Shame quickened him, too, to measures of expiation or precaution.  He read family prayers twice a day instead of once, and he took the chair at the Annual Meeting of a Society for Sending Out Trousers to Converted Hindoos.
   As everybody in the Midlands knows, "Hindoos" are Naked Savages.
   And he discharged a groom for whistling on Sunday.
   But if these expedients salved his conscience, they did nothing to quell Gertrude's incipient tendency to independence {55} of thought and action.  There had been a very unpleasant scene when he threw into the fire a book from Mudie's (I thought one could have trusted Mudie's!) called 'The Stolen Bacillus,' which he understood to be of a grossly immoral tendency.  (Nasty filth about free love or something, isn't it?)
   Theodore Bugg was not a sensitive man; excess of intuitive sympathy had not made his life a hell; but he felt that his domestic relations were strained.  Especially since "that Mrs. Grahame" had evinced a liking for Gertrude.  Her husband's colonelcy was the gilding of the pill; but the pill was a bitter one, for Mrs. Grahame went motoring and even golfing on Sunday instead of going to Church, and once or twice had taken Gertrude with her, to the scandal of the neighbourhood.  Colonel Grahame, too, rather got on Bugg's nerves, in spite of the "honour of his acquaintance."
   Such thoughts went dully through his mind as he waited in the garden for his daughter to come in to tea from the "Art Class."  But when she arrived, portfolio in hand, her beauty and the splendour of her long easy swing determined him to be gracious.
   Under such circumstances conversation is apt to be artificial; but Gertrude was gay and garrulous, and the tea went very pleasantly until her father's eye unluckily fell on the portfolio.  "And what has my little fairy been doing lately?" he asked with elephantine lightness.
   "Oh, sketches mostly, father.  This week we're copying from old Greek masterpieces, though.  Let me show you, father, dear."  She opened the portfolio and turned over the {56} leaves.  "I'm getting on splendidly.  Mr., Davis thinks I ought to go to Paris and study properly.  Do let me."
   "How can you think of such a thing, Gertrude?  A daughter of mine!  Study properly!!!  No indeed!  A little sketching is a nice accomplishment for a young lady, but ---"
   His jaw dropped.  A thin, graceful pencil sketch it was that he clutched in frenzied fingers; but he could not mistake the subject.
   "Wretched girl," he shouted, "where did you get the --- the --- the --- Damn it all, what d'ye call it? --- the --- ay! that's it! --- the model for this vile, filthy, lewd, obscene, lustful thing?  Damn it! you're as bad as Cousin Jenny!  (Cousin Jenny was a blot on the 'scutcheon of the Buggs).  You're a harlot, miss!"  And then, with an awful change as the truth came home to him: "O my God!  O my God!  Damn it!" he screamed, "how did you get the keys of my little safe?"
   The girl had frozen colder than the stone, but there was a new light in her eye, and if the curl of a lip could tread a worm into the dust, that lip was hers and that worm the author of her being.  She had withdrawn as one who comes suddenly upon a toad, and the first flaming of her face had died instantly to deadlier ice.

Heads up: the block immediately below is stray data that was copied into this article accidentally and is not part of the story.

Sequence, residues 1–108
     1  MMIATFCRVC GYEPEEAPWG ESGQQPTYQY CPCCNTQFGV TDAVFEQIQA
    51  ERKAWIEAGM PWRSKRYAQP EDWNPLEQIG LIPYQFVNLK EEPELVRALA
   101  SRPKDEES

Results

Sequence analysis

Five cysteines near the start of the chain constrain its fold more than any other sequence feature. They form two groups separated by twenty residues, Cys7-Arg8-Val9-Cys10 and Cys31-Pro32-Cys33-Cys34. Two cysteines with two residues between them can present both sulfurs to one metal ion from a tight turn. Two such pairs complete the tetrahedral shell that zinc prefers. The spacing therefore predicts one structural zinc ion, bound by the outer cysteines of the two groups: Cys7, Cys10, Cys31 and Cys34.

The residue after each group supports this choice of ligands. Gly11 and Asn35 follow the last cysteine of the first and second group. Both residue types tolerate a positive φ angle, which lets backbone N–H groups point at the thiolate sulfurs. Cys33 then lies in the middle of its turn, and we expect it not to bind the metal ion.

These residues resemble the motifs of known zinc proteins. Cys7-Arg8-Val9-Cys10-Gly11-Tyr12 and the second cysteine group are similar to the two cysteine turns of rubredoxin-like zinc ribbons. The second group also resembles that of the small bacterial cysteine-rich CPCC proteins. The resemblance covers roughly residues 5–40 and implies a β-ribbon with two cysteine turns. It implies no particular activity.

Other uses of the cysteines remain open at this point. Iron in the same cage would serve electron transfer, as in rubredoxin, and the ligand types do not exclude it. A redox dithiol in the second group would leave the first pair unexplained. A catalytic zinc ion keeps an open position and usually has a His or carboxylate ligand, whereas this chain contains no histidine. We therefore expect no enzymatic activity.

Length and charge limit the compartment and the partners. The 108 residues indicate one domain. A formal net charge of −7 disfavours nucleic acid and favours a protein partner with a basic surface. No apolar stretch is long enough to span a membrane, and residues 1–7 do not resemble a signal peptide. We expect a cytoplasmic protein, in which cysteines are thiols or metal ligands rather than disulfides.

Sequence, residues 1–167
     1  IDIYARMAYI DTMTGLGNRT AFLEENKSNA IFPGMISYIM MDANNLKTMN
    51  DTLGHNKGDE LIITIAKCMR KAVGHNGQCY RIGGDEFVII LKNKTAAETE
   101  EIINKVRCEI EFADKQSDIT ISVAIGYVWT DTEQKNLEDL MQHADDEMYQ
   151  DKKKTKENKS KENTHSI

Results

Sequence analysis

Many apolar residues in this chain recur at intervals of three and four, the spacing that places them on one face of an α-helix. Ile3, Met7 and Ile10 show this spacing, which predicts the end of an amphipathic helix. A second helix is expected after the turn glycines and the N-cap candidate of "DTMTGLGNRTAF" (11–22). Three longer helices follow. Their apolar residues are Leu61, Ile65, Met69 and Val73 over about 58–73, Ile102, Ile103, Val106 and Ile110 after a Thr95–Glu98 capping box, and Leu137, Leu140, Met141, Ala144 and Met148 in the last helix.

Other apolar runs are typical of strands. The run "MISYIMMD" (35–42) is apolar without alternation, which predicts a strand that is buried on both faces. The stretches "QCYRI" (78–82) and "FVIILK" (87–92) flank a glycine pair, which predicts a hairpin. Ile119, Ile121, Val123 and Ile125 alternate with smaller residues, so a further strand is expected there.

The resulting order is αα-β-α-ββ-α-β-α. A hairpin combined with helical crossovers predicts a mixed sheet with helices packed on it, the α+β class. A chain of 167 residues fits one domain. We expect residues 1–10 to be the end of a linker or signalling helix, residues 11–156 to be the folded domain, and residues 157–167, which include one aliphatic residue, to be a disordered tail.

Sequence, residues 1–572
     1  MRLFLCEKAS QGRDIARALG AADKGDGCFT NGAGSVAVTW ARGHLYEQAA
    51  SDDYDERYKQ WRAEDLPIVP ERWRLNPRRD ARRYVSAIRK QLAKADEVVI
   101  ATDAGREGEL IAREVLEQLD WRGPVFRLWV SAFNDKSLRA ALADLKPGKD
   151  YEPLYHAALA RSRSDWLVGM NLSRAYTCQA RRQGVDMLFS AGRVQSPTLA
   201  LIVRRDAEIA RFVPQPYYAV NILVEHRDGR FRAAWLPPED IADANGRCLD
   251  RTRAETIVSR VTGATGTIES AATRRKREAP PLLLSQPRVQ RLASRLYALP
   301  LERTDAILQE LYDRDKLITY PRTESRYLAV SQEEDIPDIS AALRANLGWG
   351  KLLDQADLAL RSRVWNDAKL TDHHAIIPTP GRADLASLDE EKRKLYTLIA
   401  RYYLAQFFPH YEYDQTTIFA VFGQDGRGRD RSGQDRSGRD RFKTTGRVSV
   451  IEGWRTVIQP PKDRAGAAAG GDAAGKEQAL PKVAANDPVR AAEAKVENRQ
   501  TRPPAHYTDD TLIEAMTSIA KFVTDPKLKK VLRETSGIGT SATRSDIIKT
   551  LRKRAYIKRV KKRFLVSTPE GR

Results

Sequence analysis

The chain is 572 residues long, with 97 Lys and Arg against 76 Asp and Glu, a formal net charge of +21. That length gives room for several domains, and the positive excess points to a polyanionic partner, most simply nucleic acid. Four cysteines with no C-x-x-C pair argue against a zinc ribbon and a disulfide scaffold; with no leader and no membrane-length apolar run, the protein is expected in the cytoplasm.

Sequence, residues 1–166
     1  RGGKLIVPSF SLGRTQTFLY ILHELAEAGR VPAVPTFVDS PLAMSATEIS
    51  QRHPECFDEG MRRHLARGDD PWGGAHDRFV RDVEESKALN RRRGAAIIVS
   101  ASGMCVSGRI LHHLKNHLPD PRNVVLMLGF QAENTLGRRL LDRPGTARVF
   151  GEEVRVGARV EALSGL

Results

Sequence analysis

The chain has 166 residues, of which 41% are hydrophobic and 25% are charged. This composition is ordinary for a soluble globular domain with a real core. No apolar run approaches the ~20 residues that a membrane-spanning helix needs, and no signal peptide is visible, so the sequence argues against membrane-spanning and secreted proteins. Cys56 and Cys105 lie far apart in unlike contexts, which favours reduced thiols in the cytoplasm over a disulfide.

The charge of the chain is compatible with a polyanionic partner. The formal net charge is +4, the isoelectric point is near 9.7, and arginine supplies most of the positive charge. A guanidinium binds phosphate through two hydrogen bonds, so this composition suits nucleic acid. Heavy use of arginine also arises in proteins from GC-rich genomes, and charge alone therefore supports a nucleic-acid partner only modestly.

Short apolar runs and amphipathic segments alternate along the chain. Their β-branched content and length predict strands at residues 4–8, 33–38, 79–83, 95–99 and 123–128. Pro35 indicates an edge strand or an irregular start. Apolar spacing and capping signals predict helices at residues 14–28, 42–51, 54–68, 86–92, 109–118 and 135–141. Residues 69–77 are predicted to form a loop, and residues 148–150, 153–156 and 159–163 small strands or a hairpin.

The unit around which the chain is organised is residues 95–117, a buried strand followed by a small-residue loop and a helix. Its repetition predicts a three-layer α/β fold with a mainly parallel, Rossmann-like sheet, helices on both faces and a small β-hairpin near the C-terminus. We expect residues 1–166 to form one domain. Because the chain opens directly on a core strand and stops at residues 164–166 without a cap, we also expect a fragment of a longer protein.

Bugg saw his mistake, his masses of mistakes.  There being but one more to make, he made it; and, finding himself in the frying-pan of discovery, leapt into the fire of things irrevocable and not to be forgotten.  His fat, heavy-jowled, coarse face all twitching, he fell on his knees and clasped his hands together.  "So you found me out?  Don't, don't give away your poor old father, Gertie!  My little Gertie!"  {57}
   There was a silence.  "Excuse me, father," said the girl at last, "but I've just had a glimpse of you for the first time in my life, and it's a bit of a shock.  I must think."
   And she stood motionless until her hapless father attracted her attention by backing into his wicker chair.  "Don't touch holy things," she snapped suddenly, taking the sketch from his nerveless hand, and replacing it reverently in the portfolio.
   The action seemed to decide her.
   "I'll give you an address to send my things to," she said, and walked
out of the garden.
   Theodore Bugg sat stunned.  "Holy things," she had said.  She called that lustful French photograph holy!  Was this Original Sin; or was it that strange new thing people were talking about --- what was it?  Ah! heredity.  Heredity?  His secret sin become her open infamy?  Truly the sins of the fathers were visited on the children!
   By this time he was upstairs and in his bedroom.  He must destroy the accursed thing; he must destroy ---  Ah! yes.  He had contaminated Gertrude by having such a thing in his house.  He must be the Roman father, and --- what would a Roman father do?
   He had the match alight, but he could not put it to the edge of the packet.  Then the silence of the house hit him; he knew that his daughter would never return, and in a fit of rage he trampled on the envelope like a wild beast mauling a corpse.  {58}
   He thrust it into the empty grate, lit the paper frills, watched all blaze up.  Then, gulping down a sob, he went to the drawer of a cabinet and pulled out the revolver which he had bought (and loaded, under the shopman's guidance) against burglars.
   Yes, he must kill himself.  He drew back the hammer.  Cold sweat beaded his flabby face.  He could not; and anyhow, how did one?  He thought of many stories of people who had shot themselves ineffectively.  He felt for his heart and failed to find it, wondered if it had stopped and he were dying, had a fit of fear paralysing all his will.  He thought of himself lying dead.
   "No, by God!  I can't do it!" he cried, and flung the pistol back into the drawer.  As luck would have it, the weapon exploded.  The bullet broke his jaw, tore away four molars, smashed the cheek-bone, pulped the right eye, and, glancing from the frontal bone, found its billet in the ceiling.  He lost consciousness and fell.  His head struck the grate where yet smouldered the ashes of the photograph.
   It was three months before he recovered, and then with only half a face to face the world with.  He still thinks that Gertrude gave him away, for the street-boys have taken to calling him "old Venus."  But he is wrong; the boys have their aesthetic reasons for the name.
   Gertrude in any case is much too busy to bother her head about him; for, after a year in the Latin Quarter, if she has failed to surpass Degas and Manet and O'Conor, she has at least conquered the great pianist Wlodywewsky, and it {59} takes her all her time to manage him and keep the baby out of mischief.
   Theodore Bugg needs no help of hers in his moral sculpture of the destinies of England.
                                            ALEISTER CROWLEY